THE PEOPLE OF THE STATE OF NEW YORK RESPONDENT v. AARON COLLINS DEFENDANT APPELLANT

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Supreme Court, Appellate Division, Fourth Department, New York.

THE PEOPLE OF THE STATE OF NEW YORK, RESPONDENT, v. AARON COLLINS, DEFENDANT–APPELLANT.

KA 10–00025

Decided: June 17, 2011

PRESENT:  SMITH, J.P., FAHEY, CARNI, LINDLEY, AND GORSKI, JJ. THE LEGAL AID BUREAU OF BUFFALO, INC., BUFFALO (KRISTIN M. PREVE OF COUNSEL), FOR DEFENDANT–APPELLANT. FRANK A. SEDITA, III, DISTRICT ATTORNEY, BUFFALO (MATTHEW B. POWERS OF COUNSEL), FOR RESPONDENT.

MEMORANDUM AND ORDER

It is hereby ORDERED that the judgment so appealed from is unanimously modified on the law by reducing the mandatory surcharge to $250 and the crime victim assistance fee to $20 and as modified the judgment is affirmed.

Memorandum:  Defendant appeals from a judgment convicting him upon a nonjury verdict of predatory sexual assault against a child (Penal Law § 130.96) and endangering the welfare of a child (§ 260.10[1] ).   Contrary to the contention of defendant, his rights to due process and equal protection were not denied when the People prosecuted him for predatory sexual assault against a child rather than rape in the first degree (§ 130.35[4];  see People v. Lawrence, 81 AD3d 1326, 1326–1327;  People v. Vicaretti, 54 A.D.2d 236, 239–240).   “The fact that ‘under certain circumstances the crimes of rape in the first degree and [predatory sexual assault against a child] may be identical ․ does not ․ amount to a denial of equal protection’ or due process” (Lawrence, 81 AD3d at 1326), and we conclude that this is not an exceptional case requiring the People to exercise their broad discretion to charge the lesser crime (see id. at 1327;  see generally People v. Urbaez, 10 NY3d 773, 775;  People v. Eboli, 34 N.Y.2d 281, 287–288).   We further conclude that Supreme Court properly denied defendant's request to consider criminal sexual act in the first degree (§ 130.50[4] ) as a lesser included offense of predatory sexual assault against a child (see generally People v. Discala, 45 N.Y.2d 38, 41–42;  Lawrence, 81 AD3d at 1326–1327).

Defendant failed to preserve for our review his contention that Penal Law § 130.96 is unconstitutional (see People v. Almarez, 19 AD3d 1005, lv dismissed 6 NY3d 773, amended on rearg 21 AD3d 1438, lv denied 6 NY3d 752) and, in any event, the record does not establish that the requisite notice was given to the Attorney General with respect to that contention (see Executive Law § 71[3];  Almarez, 19 AD3d 1005).   The further contention of defendant that the court violated Apprendi v. New Jersey (530 U.S. 466) is also unpreserved for our review (see Lawrence, 81 AD3d at 1326;  People v. Phillips, 56 AD3d 1168, lv denied 11 NY3d 928).   In any event, that contention is without merit “ ‘because [the c]ourt did not increase the penalty for the crime of which defendant had been convicted based upon facts' “ that it did not find (Lawrence, 81 AD3d at 1327).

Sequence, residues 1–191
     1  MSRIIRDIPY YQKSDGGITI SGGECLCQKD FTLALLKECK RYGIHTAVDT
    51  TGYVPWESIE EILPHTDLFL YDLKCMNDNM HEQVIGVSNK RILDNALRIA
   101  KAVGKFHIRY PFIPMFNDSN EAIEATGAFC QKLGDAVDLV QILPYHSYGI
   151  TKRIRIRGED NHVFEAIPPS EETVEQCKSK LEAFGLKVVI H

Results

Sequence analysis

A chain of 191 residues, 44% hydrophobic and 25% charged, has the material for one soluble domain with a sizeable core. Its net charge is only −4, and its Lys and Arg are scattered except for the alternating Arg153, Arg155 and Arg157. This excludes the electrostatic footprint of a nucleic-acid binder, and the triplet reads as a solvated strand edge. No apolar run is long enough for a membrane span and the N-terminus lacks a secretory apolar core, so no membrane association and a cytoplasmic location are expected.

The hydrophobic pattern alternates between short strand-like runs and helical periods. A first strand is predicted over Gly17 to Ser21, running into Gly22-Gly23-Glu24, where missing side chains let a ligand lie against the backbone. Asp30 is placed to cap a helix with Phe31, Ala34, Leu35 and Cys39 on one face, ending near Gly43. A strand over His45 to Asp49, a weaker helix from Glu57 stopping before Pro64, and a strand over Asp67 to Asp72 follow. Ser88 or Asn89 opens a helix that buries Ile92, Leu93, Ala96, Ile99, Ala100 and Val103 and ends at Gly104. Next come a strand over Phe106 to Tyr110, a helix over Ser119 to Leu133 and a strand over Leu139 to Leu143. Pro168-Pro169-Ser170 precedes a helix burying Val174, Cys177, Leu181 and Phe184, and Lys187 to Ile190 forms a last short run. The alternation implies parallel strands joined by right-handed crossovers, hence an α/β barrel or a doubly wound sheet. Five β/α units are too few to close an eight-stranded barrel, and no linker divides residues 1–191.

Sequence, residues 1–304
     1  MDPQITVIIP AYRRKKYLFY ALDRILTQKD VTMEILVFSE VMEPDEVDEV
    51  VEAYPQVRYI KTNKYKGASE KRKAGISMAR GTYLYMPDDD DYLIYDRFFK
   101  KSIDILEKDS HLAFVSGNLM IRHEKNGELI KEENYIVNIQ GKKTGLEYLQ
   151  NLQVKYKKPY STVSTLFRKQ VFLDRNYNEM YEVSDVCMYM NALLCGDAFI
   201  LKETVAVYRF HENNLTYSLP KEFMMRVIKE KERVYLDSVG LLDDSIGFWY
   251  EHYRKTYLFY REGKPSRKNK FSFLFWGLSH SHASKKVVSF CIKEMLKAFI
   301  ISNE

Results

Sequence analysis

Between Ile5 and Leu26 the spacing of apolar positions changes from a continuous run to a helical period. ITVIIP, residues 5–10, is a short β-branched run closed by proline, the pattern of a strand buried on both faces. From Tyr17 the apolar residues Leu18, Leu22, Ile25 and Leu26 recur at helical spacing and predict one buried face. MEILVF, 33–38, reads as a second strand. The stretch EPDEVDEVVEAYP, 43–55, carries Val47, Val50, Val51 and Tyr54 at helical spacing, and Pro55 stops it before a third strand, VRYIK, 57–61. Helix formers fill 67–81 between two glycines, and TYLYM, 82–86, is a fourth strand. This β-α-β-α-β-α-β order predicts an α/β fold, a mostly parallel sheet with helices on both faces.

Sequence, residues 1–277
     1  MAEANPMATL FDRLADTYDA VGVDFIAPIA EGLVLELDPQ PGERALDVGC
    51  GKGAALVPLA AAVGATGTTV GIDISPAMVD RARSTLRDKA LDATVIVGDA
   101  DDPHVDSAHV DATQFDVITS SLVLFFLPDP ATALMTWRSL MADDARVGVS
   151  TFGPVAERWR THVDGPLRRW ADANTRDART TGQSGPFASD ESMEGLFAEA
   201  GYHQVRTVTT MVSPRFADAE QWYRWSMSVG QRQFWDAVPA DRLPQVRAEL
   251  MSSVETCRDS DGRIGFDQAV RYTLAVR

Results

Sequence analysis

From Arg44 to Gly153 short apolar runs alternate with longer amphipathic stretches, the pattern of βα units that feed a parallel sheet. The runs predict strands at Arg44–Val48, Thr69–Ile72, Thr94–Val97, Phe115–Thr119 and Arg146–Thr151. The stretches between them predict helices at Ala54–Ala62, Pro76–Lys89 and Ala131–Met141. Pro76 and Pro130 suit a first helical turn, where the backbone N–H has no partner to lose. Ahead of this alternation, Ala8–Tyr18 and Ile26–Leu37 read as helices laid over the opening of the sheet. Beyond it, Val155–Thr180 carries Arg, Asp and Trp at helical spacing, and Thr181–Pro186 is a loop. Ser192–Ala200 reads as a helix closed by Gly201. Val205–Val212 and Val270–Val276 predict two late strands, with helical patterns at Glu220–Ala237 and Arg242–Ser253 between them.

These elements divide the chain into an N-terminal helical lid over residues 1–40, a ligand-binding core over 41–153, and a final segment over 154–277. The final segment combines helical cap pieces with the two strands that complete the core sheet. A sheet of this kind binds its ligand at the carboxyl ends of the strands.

We reject defendant's contention that the evidence is legally insufficient to establish that he engaged in “ ‘[o]ral sexual conduct’ “ (Penal Law § 130.00 [2][a];  see § 130.50[4];  see generally People v. Bleakley, 69 N.Y.2d 490, 495).   In addition, viewing the evidence in light of the elements of the crimes in this nonjury trial (see People v. Danielson, 9 NY3d 342, 349), we reject defendant's further contention that the verdict is against the weight of the evidence (see generally Bleakley, 69 N.Y.2d at 495).

Contrary to the contention of defendant, he was not denied a fair trial based on ineffective assistance of counsel (see generally People v. Baldi, 54 N.Y.2d 137, 147).  “ ‘[D]efendant failed to demonstrate the lack of a strategic basis for the decision [of defense counsel not] to allow defendant to testify’ “ (People v. Riley, 292 A.D.2d 822, 823, lv denied 98 N.Y.2d 640), as well as his decision not to call certain witnesses to testify (see People v. Roman, 60 AD3d 1416, 1417–1418, lv denied 12 NY3d 928;  see generally People v. Benevento, 91 N.Y.2d 708, 712).   Defendant also failed to demonstrate the lack of a strategic basis for defense counsel's failure to make a written motion pursuant to CPL 330.30 to set aside the verdict (see generally People v. Conte, 71 AD3d 1448, 1449).  “Contrary to defendant's contention, defense counsel's comments at the sentencing hearing were neither adverse to defendant's position, nor amounted to defense counsel becoming a witness against defendant” (People v. Loret, 56 AD3d 1283, lv denied 11 NY3d 927;  cf.  People v. Lawrence, 27 AD3d 1091).   We have examined the remaining allegations of ineffective assistance of counsel raised by defendant and conclude that they lack merit.   Viewing the evidence, the law and the circumstances of this case in totality and as of the time of the representation, we conclude that defense counsel provided meaningful representation (see generally Baldi, 54 N.Y.2d at 147).

The sentence is not unduly harsh or severe.   As the People correctly concede, however, the mandatory surcharge and crime victim assistance fee should have been based on the statute in effect at the time of the crimes (see Penal Law § 60.35[1][a] [former (i) ];  People v. Smith, 57 AD3d 1410, 1411).   We therefore modify the judgment accordingly.

Patricia L. Morgan

Clerk of the Court